changes of RH and temperature. Through measuring the
output spectrum (wavelength and differential power intensity)
of the proposed fiber laser sensor system by OSA, the
simultaneous detection of the RH and temperature with
high accuracy and good repeatability is achieved.
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VOLUME XX, 2017 9
III. EXPERIMENT RESULTS AND DISCUSSIONS
A.
LASER OUTPUT CHARACTERISTIC
The fiber laser can immensely improve the performance of
the fiber sensor on account of their high SNR, high stability
and narrow spectral width [32]. In our experiment, the pump
light was set at 248 mW which was beyond the pump
threshold 150 mW. Through adjusting the polarization
controller (PC) and variable optical attenuator (VOA), the
stable dual-wavelength lasing was achieved. Fig. 5(a) shows
the measured output spectra of the proposed dual-wavelength
fiber laser sensor with dual UFBGs and the PVA-coated LPG
scanned repeatedly at 15 minutes interval in five hours. From
the measured output spectra, we can find that the dual-line
laser emission which is slightly greater than the Bragg
wavelengths of dual UFBGs is generated at 1543.74 nm and
1558.08 nm with SNR of 45 dB and 3dB bandwidth of 0.04
nm. Additionally, the wavelength and power stability of the
dual-wavelength fiber laser at room temperature is validated
as shown in Fig .5. From Fig. 5(b) and 5(c), the maximum
variations of lasing power intensity and lasing wavelength
are less than 0.1 dB and 0.02 nm, respectively. By the
stability study above, the high SNR, high stability and
FIGURE 4. Experimental structure diagram of the proposed fiber laser sensor using PVA-coated LPG and dual UFBG.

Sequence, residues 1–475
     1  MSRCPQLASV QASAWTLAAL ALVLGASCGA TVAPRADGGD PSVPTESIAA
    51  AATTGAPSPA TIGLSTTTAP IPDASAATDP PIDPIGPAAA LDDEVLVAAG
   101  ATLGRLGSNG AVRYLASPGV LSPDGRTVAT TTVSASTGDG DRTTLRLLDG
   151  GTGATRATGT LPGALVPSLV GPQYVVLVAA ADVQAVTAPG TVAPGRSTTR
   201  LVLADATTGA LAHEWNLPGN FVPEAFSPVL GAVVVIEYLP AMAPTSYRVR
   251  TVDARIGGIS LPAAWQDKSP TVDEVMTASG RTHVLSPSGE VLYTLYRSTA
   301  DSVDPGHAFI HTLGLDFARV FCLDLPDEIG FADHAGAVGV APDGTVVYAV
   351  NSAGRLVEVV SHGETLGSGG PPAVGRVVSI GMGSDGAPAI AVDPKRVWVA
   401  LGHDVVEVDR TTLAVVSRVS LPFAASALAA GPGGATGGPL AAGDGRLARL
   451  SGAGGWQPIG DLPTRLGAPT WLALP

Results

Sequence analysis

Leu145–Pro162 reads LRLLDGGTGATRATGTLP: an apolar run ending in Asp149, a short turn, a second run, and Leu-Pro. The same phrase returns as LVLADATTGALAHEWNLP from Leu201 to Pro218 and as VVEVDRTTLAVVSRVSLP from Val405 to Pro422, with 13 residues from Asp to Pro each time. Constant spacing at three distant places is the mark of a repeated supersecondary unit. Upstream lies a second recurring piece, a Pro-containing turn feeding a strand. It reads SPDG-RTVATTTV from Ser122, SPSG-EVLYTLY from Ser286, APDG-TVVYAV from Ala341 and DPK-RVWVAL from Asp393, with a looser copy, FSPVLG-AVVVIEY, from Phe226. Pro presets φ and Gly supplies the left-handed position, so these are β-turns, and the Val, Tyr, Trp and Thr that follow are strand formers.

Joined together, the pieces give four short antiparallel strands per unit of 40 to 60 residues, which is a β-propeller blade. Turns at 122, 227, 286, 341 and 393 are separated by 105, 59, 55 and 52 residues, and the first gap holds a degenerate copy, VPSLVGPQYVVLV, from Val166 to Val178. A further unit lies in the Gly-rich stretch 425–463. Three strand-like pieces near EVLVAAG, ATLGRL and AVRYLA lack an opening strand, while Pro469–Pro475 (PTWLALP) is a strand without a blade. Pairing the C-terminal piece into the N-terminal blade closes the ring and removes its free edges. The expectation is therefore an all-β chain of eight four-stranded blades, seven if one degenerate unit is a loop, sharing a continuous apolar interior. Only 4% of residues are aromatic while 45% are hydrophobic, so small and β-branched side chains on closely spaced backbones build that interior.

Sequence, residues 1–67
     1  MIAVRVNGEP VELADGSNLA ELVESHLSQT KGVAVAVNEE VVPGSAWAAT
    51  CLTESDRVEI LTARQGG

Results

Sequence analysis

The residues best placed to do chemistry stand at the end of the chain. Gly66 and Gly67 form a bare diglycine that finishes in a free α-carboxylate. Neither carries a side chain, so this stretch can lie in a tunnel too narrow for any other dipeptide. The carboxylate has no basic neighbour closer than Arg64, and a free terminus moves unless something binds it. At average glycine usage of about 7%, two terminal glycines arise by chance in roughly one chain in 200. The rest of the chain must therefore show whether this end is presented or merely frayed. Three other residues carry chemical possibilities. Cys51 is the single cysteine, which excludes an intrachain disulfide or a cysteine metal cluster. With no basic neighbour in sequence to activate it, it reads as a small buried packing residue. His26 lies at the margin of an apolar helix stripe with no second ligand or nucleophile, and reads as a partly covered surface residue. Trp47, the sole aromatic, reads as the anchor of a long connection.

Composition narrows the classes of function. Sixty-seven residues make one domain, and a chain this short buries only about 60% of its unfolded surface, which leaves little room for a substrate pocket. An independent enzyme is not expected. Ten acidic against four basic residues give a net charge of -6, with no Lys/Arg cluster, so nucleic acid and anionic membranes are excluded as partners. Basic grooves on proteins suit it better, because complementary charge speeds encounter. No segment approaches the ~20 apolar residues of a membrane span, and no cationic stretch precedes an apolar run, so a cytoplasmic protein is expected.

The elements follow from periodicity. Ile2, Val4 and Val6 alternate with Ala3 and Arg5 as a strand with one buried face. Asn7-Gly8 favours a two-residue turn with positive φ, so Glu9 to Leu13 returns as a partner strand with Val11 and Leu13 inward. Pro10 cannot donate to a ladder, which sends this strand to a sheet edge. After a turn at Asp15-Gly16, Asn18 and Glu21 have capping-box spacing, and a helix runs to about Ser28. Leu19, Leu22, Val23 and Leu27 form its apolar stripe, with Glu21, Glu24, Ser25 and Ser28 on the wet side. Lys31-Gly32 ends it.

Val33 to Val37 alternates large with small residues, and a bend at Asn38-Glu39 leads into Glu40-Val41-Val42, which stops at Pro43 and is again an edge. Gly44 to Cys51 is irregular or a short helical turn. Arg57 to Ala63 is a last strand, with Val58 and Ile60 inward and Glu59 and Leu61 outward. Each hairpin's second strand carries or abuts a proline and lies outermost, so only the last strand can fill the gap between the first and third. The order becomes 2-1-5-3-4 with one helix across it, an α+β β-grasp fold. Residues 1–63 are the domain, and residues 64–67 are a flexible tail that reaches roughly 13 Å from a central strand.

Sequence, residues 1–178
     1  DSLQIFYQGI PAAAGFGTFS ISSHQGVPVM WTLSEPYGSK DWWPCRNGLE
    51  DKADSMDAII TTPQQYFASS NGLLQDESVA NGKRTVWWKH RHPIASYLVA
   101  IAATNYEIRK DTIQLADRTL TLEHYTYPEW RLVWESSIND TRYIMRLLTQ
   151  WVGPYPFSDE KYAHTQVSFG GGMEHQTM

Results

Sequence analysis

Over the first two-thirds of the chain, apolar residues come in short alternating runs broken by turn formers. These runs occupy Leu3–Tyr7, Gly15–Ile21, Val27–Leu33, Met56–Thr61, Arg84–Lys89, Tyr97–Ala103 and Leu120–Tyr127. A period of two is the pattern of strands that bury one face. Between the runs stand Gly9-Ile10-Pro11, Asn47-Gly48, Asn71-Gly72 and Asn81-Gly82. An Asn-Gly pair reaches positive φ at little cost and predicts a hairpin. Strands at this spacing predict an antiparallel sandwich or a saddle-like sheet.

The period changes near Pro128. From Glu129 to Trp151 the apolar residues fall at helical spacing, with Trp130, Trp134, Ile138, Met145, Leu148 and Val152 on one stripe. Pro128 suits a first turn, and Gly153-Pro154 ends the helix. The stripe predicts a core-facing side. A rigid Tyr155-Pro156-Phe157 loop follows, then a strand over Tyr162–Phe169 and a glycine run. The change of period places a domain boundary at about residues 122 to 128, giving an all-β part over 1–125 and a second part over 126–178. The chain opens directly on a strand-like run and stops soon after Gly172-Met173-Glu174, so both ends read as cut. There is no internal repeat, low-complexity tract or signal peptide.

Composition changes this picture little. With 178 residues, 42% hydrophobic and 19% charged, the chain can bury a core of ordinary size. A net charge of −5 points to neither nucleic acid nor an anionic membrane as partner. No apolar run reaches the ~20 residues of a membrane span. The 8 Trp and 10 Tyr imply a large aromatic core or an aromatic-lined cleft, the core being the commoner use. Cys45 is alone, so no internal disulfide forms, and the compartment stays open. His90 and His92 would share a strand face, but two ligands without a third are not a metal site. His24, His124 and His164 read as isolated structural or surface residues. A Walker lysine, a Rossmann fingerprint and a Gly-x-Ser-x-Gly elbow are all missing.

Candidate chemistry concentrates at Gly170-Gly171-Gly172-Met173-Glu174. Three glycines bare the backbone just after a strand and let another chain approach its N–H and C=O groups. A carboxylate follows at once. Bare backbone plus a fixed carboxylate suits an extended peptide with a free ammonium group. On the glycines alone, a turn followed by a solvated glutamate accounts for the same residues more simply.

FIGURE 5. (a) Measured output spectra of dual-wavelength fiber laser sensor based on the PVA-coated LPG and dual UFBG at 15 minutes interval
during five hours. (b) (c) The variation of lasing output power intensity and wavelength during five hours.
FIGURE 6. (a) Measured output spectral of the proposed dual-
wavelength fiber laser sensor under different RH (from 30% to
80%); (b)(c) Local amplification diagram of laser peak location.
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VOLUME XX, 2017 9
narrow spectral width performance of the proposed laser
sensor has been demonstrated to ensure simultaneous
measurement with high-accuracy and good repeatability.
B.
RH RESPONSE
During the RH and temperature experiment, the sensing
probe including PVA-coated LPG and UFBG2 was fixed into
the climate chamber for realizing to monitor the change of
the RH and temperature, and the other parts of the fiber laser
system were fixed on the optical platform. For the RH
measurement, the temperature was held at 25 . Fig. 6
shows the actual spectrum from 1540nm to 1565nm
measured by OSA under 30% RH, 40% RH, 50% RH, 60%
RH, 70% RH and 80% RH. The output power variations at
the dual-wavelength laser peak are opposite with RH from